Battle off Barbados

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Battle of Barbados
Part of the American Revolutionary War
USS Randolph 1776.jpg
USS Randolph
Date March 7, 1778
Location off Barbados, Atlantic Ocean
Result British victory
Belligerents
 United States  Kingdom of Great Britain
Commanders and leaders
United States Nicholas Biddle  Kingdom of Great Britain Nicholas Vincent
Strength
1 frigate
1 brig
1 ship-of-the-line
Casualties and losses
301 killed
4 captured
1 frigate sunk
5 killed
12 wounded

The Battle of Barbados was fought in March 1778 during the American Revolutionary War. While escorting a fleet of American ships in the West Indies, the frigate USS Randolph was attacked by the British ship-of-the-line HMS Yarmouth. The following action resulted in America's most costly naval defeat, in terms of human lives, until the sinking of USS Arizona in 1941.[1][2]

Background[edit]

Captain Nicholas Biddle commanded the thirty-six-gun USS Randolph, having received orders from John Rutledge to break the enemy blockade of Charleston, South Carolina where a large number of merchantmen were trapped. After breaking the blockade Biddle was to sail into the South Atlantic. Four other armed ships accompanied the Randolph in this mission: the General Moultrie, the Notre Dame, the Fair American and the Polly. However, after sailing out to meet the British off Charleston on February 14, the enemy was nowhere in sight, so the American fleet headed for the West Indies where Biddle would raid commerce. On February 16, the fleet burned a British ship that had been dis-masted by a privateer, and on March 4, the Polly captured a small schooner that was added to the fleet as a tender. Three days after that, at about 5:30 pm, on March 7, 1778, the Americans were sailing off the eastern coast of Barbados when lookouts spotted a large ship to the windward. Captain Biddle assumed the vessel to be a man-o-war so he directed most of his ships to continue on while he remained behind with the Randolph and the eighteen-gun ship General Moultrie to engage the oncoming vessel.[3]

Battle[edit]

The enemy ship turned out to be the sixty-four-gun HMS Yarmouth under the command of Captain Nicholas Vincent. After a few hours of maneuvering, at about 9:00 pm, the Americans raised their colors and opened fire on the Yarmouth with a broadside. The British, in turn, responded and opened fire. This bloody battle raged on for twenty minutes. Captain Biddle was wounded early in the battle but continued to fight. It is thought that the shots that wounded him came from the General Moultrie, which accidentally struck the Randolph.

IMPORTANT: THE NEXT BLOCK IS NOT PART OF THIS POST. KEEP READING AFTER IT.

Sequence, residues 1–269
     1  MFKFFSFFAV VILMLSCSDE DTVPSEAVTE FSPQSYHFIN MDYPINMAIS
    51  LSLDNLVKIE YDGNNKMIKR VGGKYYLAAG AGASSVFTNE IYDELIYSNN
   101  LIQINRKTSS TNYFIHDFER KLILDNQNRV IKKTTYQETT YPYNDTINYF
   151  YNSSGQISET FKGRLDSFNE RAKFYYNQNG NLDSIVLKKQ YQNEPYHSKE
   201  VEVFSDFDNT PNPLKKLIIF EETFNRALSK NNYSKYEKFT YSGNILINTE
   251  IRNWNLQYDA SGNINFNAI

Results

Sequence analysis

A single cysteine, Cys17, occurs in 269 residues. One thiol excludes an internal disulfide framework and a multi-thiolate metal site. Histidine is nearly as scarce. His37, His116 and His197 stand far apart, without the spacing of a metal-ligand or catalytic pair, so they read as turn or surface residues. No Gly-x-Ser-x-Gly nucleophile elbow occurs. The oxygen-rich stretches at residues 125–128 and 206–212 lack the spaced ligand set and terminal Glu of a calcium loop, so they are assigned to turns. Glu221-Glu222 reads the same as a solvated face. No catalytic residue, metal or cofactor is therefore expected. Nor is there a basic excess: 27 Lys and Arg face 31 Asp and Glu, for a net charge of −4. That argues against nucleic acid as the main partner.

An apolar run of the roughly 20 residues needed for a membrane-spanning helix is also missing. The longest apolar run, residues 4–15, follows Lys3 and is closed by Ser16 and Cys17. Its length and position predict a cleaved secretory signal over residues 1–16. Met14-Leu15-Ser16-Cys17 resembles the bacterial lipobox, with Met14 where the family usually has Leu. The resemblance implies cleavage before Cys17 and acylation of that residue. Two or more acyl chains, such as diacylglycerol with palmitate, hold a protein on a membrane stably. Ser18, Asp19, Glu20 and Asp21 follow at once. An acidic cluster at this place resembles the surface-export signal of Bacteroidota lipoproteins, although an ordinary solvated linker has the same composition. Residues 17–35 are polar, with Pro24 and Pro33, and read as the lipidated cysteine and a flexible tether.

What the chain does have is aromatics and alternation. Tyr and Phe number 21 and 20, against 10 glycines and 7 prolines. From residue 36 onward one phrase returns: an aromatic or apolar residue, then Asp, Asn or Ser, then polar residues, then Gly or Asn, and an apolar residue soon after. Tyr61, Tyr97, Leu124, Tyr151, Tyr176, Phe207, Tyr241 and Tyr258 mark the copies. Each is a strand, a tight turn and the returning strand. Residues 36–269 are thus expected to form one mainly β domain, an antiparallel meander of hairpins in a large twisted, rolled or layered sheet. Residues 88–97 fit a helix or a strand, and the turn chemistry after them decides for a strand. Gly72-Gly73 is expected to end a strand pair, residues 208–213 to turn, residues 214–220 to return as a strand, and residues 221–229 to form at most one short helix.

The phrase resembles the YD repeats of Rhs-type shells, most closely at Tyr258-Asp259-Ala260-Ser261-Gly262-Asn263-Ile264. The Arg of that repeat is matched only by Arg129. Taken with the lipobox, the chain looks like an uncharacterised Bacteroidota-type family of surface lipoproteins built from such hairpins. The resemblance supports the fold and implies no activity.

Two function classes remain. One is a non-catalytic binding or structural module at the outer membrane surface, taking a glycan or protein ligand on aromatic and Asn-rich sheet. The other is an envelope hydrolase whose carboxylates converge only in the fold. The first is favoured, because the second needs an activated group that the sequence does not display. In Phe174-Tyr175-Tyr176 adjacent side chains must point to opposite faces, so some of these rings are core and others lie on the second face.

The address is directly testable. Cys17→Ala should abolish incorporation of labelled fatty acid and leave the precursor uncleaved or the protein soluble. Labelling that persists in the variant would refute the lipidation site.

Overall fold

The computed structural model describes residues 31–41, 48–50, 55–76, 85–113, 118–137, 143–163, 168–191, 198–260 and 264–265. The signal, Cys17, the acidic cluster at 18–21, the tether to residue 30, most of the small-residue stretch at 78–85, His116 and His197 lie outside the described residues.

The Americans seemed to be on the verge of victory when a spark entered the Randolph's powder magazine, causing a large explosion that completely destroyed the frigate in an instant. The USS Randolph then sank with a loss of 301 men and only four survivors. Captain Biddle died ten days later due to the wounds he sustained.

According to Captain Hall of the Notre Dame, Biddle and his men heavily damaged the Yarmouth in the first twelve to fifteen minutes, while the American ships were still mostly unharmed. The Yarmouth lost her bowsprit and her topmasts, a portion of which fell down and damaged the poop deck. Another portion of the topmasts fell into the top-gallant sails and then onto the cap. Five British sailors were killed and another twelve men received wounds.[4]

Aftermath[edit]

After sinking the Randolph, Captain Vincent attempted to pursue the other American ships, to no avail, as they dispersed in separate ways. Damage to the Yarmouth's sail also gave the Americans the advantage to slip away. The four surviving Americans were not captured five days later; HMS Yarmouth came across them on March 12 while she was chasing a ship west. The four survivors were found clinging to wreckage and had survived by sucking rain water out of a blanket. The death of Captain Biddle was considered a severe blow to the Continental Navy. Biddle was well respected and regarded as a professional sailor and a strong leader.[5]

References[edit]

  1. ^ "Archived copy". Archived from the original on 2012-03-09. Retrieved 2011-12-27. 
  2. ^ Maclay, pg. 83–84
  3. ^ Allen, pg. 296
  4. ^ Allen. pg. 297
  5. ^ Allen, pg. 298

This article incorporates text from the public domain Dictionary of American Naval Fighting Ships.

Bibliography[edit]

  • Allen, Dardner W. (1913). A naval history of the American Revolution, Volume 1. Houghton Mifflin Company. 
  • Maclay, Edgar S. (1898). A History of the United States Navy, from 1775 to 1898. D. Appleton and Co.